Friday, 7 May 2010

Books on The Writing Game

(Stop Press - Was invited by Norman Geras be profiled on his great weblog You might like to check it out Wx - )         Now back to books…

One feature of my radio programme will be a focus on the delights of reading, and how writers can use their reading to inform their writing. In the May programme we featured:  Books of The Month - chosen by Gillian Wales (Chartered Librarian & Ex Arts Centre manager) and Glyn Wales (Historian, ex Head teacher & University Lecture ).Their criteria are – Plot, Place, Character & StyleBishop FM etc 001

Their choices this month choice were   Chris Mullin: A View From the Foothills. (Profile Books) ‘A political diary of a Labour MP from 1919 to May 2005. Reading it restores some of my (Glyn) faith in MPs for it shows a humanity, selflessness and humanity notably lacking in the present parliament. The book’s also witty and entertaining and throws light on the roles of a back bench MP, a home affairs committee member and Junior Foreign Office minister. Uniquely Mullin remained a minister despite his opposition to the Iraq war… A man of principle.’(Timely in this week where we are left with a hung parliament. W)
David Lodge Deaf Sentence (Penguin) Good on style and character. ‘Retired professor coping in a good humoured was with the vagaries of the post professional and eccentric family life Touches on themes of a recession his and an increasingly electronic world of 2009 2010 Britain, Recommended.’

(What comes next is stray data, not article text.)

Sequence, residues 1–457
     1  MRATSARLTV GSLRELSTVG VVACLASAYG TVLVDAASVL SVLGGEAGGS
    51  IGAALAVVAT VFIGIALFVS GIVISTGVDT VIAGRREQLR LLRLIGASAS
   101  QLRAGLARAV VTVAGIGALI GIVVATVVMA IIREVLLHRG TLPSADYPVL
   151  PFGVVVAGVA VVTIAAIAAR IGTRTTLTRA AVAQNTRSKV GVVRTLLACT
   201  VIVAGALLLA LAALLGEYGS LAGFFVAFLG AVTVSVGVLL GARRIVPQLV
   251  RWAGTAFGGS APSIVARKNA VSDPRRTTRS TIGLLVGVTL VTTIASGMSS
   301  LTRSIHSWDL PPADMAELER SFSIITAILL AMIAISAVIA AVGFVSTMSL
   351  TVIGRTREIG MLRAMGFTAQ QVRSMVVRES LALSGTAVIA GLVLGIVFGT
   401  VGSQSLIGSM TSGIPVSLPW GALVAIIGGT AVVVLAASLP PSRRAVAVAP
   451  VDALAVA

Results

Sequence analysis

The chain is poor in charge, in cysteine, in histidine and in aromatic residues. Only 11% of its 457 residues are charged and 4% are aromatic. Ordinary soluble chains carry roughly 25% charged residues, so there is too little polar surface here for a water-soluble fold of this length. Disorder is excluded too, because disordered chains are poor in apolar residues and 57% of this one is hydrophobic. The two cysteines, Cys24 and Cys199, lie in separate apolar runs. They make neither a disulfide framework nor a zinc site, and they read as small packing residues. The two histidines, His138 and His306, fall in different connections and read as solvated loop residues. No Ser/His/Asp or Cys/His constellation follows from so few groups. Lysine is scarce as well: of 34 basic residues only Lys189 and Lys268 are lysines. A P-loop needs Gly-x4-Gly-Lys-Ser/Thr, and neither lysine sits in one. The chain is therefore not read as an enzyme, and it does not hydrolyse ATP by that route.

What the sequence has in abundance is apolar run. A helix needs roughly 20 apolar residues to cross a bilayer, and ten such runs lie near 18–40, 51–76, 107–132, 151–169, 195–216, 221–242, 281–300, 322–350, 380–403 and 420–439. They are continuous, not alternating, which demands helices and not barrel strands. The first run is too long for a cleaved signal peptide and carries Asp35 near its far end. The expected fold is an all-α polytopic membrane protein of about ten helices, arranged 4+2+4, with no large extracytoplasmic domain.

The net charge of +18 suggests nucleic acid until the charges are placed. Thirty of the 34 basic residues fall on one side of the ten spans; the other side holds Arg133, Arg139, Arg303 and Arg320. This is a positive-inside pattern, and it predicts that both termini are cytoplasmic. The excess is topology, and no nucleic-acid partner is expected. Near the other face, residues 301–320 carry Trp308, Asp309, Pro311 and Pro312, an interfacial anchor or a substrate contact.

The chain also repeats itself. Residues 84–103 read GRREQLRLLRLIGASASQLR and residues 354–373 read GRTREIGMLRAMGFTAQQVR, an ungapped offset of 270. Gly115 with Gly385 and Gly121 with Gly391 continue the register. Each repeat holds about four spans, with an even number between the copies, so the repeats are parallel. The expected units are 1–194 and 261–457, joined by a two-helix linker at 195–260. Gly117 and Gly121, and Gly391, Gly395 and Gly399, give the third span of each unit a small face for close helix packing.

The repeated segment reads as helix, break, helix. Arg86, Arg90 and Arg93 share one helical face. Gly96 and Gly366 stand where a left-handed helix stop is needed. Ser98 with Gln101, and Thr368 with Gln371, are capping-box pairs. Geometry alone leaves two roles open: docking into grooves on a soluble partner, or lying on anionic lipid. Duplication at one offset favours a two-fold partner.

William Boyd: Ordinary Thunderstorms. Chatto and Windus
Better in plot and place, we think, though perhaps not so good in style. A conspiracy novel – a sort of 39 Steps for the Naughties It is about a man’s loss of identity and flight from pursuers. The Thames from London to the sea mirrors the hero’s own journey into the depths. A good read.’
Margaret Forster Isa and May – Deals with the relevance of the grandmother in today’s society and the controversial question of nurture versus nature. Novel will keep you guessing right to the end, despite, we think, an occasional overload of information
Philip Pullman The Good Servant Jesus and the Scoundrel Christ. Pullman’s retelling of the gospels. Here Jesus and Christ are a pair of twins. Pullman destroys the gospel story and articulate his own disbelief in the myth of Jesus Christ Pullman believes in the democracy of reading and doesn’t think it’s the task of the author to tell the reader what the book means. He says he is in the “Once Upon A time business” not the “Message” business.’

And Some Books Mentioned during the Programme Avril Joy:     The Sweet Track: Flambard Publishing In her interviAvrilBookHomeew Avril talks about the significance of place in her writing – in this book, the Somerset Levels

Wendy’s Novels    I used my novel The Lavender House (Headline Book Publishing) to demonstrate the slender and exciting starting points when setting about writing a novel.


  1. Good luck with the broadcast Wendy - I'm only sorry that I'm not able to get it here - would be great to listen to what seems a really good, well thought out programme.

  2. Thank you Kathy. Would you talk about writing biography on the programme? That would be a treat...w

  3. Would be happy to Wendy - I'm away in August and the first week of SEptember doing a book promotion tour down-under, but otherwise just hanging about!



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